Abu Bakar Ba’asyir, or Bashir, is the spiritual leader of the jihad terror group Jamaah Islamiyah, and consequently retains considerable influence among Indonesian jihadists. He is the first jihad leader of any significant prominance to jump on the Islamic State bandwagon, but if the Islamic State can sustain itself over a period of years, there will be many more.
“Jailed Terrorist Convict Ba’asyir Pledges Oath With ISIS on the Rise,” by Kennial Caroline Laia and Dyah Ayu Pitaloka, Jakarta Globe, August 4, 2014:
Jakarta. Imprisoned terrorist convict Abu Bakar Ba’asyir has officially pledged his allegiance, or bai’at, to join the jihadist movement of a militant group known as the Islamic State of Iraq and Syria, or ISIS, according to an official, who says that the list of Indonesian Muslim supporters for the radical movement only continues to grow.
“We had already tightened prison security, but unfortunately they [met] in rooms we didn’t suspect [they would use],” said Handoyo Sudrajat, the penitentiary directorate general at the Ministry of Legal and Human Rights Affairs.
Ba’asyir, the spiritual leader of the Indonesian terror network Jamaah Islamiyah, made his bai’at to ISIS with 23 other prisoners in a praying room of what was supposed to be the highly secured Pasir Putih penitentiary on Nusakambangan Island off Cilacap, Central Java.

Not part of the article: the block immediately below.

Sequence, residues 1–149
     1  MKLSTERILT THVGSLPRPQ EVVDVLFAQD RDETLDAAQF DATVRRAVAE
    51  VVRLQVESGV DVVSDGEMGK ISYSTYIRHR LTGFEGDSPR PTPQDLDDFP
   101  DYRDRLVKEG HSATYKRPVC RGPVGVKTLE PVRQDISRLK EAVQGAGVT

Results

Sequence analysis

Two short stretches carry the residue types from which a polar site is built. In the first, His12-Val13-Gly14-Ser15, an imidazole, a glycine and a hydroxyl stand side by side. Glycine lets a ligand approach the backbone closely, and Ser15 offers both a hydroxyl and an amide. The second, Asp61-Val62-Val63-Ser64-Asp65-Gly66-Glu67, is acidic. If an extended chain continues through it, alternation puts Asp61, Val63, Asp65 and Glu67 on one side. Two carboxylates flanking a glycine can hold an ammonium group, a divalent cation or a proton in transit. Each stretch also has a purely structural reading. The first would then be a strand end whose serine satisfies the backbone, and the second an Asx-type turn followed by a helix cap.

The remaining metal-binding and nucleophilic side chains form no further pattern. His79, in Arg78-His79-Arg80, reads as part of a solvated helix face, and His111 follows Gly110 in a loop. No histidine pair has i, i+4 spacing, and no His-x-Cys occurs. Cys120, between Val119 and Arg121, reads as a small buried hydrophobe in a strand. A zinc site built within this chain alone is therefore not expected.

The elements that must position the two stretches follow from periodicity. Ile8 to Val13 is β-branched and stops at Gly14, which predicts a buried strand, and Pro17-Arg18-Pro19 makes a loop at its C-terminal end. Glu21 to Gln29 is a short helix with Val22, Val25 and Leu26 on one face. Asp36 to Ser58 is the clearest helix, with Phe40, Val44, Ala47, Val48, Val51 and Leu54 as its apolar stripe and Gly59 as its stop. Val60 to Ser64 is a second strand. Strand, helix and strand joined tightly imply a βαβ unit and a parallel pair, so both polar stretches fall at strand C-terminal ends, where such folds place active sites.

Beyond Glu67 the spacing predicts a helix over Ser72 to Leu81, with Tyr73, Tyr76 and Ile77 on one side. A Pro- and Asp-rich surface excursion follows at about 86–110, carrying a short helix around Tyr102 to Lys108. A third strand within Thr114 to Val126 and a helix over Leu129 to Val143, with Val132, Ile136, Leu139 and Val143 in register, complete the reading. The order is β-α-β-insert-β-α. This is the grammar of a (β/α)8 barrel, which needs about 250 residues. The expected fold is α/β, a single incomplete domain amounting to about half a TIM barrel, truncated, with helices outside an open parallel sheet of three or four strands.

Meanwhile, Habib Rizieq Shihab of the Muslim hard-line Islamic Defenders Front (FPI) denied that his organization had denounced ISIS.
“The FPI has yet decide whether it will support or refuse the establishment of ISIS [in Indonesia],” he was quoted as saying by Kompas.com, adding that FPI leaders would assess the rapidly growing Iraqi movement to decide whether it has deviated from Islamic teachings.
As ISIS garners more support in various pockets of Indonesia, anxiety has also escalated among its citizens over the jihadist movement gaining strength within the archipelago.
The East Java government recently discovered that a local branch of ISIS’s has been active in Sempu, Malang, for at least a month. Calling themselves Ansharul Khilafah, the cell have reportedly been using a village mosque as their headquarters.
“I was tagged about the establishment [of Ansharullah Khilafah] on Facebook, so my friends and I went [to the mosque]. There was a video screening and a sermon about ISIS. They handed out Al Mustaqbal magazines, brochures and vouchers for fried chicken,” Malang resident Aji Prase told the Jakarta Globe.
“We are worried about the [existence of ISIS], which is notorious for its brutal force and violence. They won’t hesitate to kill anyone who doesn’t fall in line with [their ideology]. We don’t want Malang to be its headquarters, because this would only bring violence here,” he added.
In a mere week the militant group’s influence has reportedly spread to several other areas of Central Java, particularly Solo. A number of media portals have reported scores of Surakarta Muslims pledging their oath to ISIS.